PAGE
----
Staphylococcus aureus is a type of bacteria that lives harmlessly on the skin of about one-third of healthy individuals. MRSA is the term used for the less common strains of this bacterium, Meticillin-resistant Staphylococcus aureus, that are resistant to several widely used antibiotics, making infections harder to treat. It is sometimes referred to as a superbug.
MRSA is readily transmitted between patients, so the control of MRSA is an important factor in the provision of patient care.
In-patients who are colonised or infected with MRSA must have appropriate special precautions taken to prevent spread to other patients.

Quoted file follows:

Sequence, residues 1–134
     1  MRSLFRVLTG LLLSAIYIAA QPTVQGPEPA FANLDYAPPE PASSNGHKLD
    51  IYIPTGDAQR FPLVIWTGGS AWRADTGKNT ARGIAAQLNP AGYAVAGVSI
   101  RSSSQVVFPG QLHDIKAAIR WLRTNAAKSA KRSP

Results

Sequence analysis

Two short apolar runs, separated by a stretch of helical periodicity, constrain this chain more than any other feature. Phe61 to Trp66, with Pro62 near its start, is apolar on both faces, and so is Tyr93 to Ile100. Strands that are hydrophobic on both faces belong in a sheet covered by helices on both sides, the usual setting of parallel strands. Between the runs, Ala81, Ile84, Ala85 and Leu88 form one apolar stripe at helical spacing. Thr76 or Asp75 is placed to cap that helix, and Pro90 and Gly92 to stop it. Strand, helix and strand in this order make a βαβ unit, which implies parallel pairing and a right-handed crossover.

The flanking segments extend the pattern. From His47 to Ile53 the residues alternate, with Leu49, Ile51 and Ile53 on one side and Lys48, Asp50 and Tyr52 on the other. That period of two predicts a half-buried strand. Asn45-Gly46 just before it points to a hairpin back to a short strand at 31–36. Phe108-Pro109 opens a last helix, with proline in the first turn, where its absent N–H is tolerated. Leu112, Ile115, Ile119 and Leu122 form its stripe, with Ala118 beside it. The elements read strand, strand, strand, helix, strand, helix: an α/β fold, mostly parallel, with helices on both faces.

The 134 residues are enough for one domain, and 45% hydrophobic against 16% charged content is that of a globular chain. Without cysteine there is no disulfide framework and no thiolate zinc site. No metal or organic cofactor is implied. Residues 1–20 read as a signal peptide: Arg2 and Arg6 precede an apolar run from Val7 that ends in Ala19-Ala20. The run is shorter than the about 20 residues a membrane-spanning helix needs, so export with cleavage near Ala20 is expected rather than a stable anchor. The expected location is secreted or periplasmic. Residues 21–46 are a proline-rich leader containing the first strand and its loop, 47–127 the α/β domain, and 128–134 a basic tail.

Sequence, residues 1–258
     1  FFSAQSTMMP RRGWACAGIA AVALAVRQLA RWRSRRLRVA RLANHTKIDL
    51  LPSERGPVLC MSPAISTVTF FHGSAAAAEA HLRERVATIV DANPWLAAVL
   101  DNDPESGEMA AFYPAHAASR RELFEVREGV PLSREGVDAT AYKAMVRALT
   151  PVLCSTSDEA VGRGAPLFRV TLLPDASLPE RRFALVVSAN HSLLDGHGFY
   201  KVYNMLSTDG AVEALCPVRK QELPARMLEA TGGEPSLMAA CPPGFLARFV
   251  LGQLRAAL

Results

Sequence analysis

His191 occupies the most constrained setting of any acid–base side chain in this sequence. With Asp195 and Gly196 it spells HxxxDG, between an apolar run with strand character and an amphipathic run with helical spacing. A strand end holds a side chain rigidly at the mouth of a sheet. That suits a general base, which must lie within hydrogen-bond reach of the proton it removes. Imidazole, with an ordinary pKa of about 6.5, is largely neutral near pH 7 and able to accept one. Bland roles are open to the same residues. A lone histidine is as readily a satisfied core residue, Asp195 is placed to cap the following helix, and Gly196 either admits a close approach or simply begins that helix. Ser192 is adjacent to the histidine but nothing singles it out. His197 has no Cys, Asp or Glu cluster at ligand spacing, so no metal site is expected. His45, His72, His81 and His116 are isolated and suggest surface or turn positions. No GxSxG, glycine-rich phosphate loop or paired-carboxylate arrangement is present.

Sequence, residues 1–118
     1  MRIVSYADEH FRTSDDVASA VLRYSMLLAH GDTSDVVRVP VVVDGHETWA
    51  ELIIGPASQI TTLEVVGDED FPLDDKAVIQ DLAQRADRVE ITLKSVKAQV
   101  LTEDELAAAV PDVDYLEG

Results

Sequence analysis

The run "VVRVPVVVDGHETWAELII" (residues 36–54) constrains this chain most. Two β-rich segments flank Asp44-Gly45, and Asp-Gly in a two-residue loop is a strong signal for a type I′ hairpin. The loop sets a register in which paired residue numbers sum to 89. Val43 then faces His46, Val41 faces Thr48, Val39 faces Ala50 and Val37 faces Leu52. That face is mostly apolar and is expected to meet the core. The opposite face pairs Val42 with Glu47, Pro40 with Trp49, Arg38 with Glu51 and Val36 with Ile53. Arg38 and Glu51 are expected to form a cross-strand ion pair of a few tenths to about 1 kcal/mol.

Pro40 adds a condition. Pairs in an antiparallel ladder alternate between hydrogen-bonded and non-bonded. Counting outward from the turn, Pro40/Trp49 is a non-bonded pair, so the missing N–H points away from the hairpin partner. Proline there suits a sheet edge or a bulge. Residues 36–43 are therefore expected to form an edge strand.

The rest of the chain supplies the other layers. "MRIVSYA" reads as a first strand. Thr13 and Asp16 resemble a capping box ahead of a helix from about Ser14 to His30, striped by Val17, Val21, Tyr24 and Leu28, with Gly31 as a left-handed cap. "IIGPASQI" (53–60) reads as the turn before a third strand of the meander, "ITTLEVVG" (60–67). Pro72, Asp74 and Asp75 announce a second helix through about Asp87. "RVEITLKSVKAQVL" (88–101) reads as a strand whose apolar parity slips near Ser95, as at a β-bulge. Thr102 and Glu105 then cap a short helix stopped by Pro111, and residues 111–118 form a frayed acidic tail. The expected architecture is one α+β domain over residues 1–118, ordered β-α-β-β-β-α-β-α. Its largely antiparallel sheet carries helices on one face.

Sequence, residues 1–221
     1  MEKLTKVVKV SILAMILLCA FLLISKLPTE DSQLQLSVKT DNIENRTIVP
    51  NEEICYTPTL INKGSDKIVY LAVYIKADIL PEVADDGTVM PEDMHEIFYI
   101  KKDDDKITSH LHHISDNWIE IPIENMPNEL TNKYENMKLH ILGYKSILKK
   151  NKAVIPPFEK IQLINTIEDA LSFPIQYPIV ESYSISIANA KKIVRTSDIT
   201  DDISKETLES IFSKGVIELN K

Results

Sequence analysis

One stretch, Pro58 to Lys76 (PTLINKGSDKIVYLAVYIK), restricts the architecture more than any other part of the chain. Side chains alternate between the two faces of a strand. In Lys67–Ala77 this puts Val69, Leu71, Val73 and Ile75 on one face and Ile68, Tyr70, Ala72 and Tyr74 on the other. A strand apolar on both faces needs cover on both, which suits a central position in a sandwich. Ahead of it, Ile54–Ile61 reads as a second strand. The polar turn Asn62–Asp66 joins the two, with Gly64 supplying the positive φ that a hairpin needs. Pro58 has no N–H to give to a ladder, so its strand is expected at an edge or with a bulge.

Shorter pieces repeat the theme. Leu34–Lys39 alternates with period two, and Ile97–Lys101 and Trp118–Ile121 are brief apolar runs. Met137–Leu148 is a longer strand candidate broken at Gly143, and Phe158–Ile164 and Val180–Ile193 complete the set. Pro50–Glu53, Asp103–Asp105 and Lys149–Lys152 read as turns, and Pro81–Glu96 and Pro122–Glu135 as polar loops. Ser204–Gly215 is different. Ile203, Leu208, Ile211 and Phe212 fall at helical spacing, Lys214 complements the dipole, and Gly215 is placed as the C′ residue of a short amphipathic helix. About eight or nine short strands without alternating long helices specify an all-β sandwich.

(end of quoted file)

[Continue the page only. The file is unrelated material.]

Screening is the microbiological testing of samples taken from a patient on or before admission. This allows us to identify patients who are colonised with MRSA.
A nurse will run a cotton bud (swab) over your skin so it can be checked for MRSA, usually from one or more of the potential carriage sites of nose, throat, armpits, groin, and any damaged skin. This is painless and only takes a few seconds.
If you're not carrying MRSA, it's unlikely you'll be contacted about the result and you should follow the admissions instructions as normal.
If you're carrying MRSA, you may need treatment to remove the bacteria to reduce your risk of getting an infection or spreading the bacteria. You will be advised by the admissions team.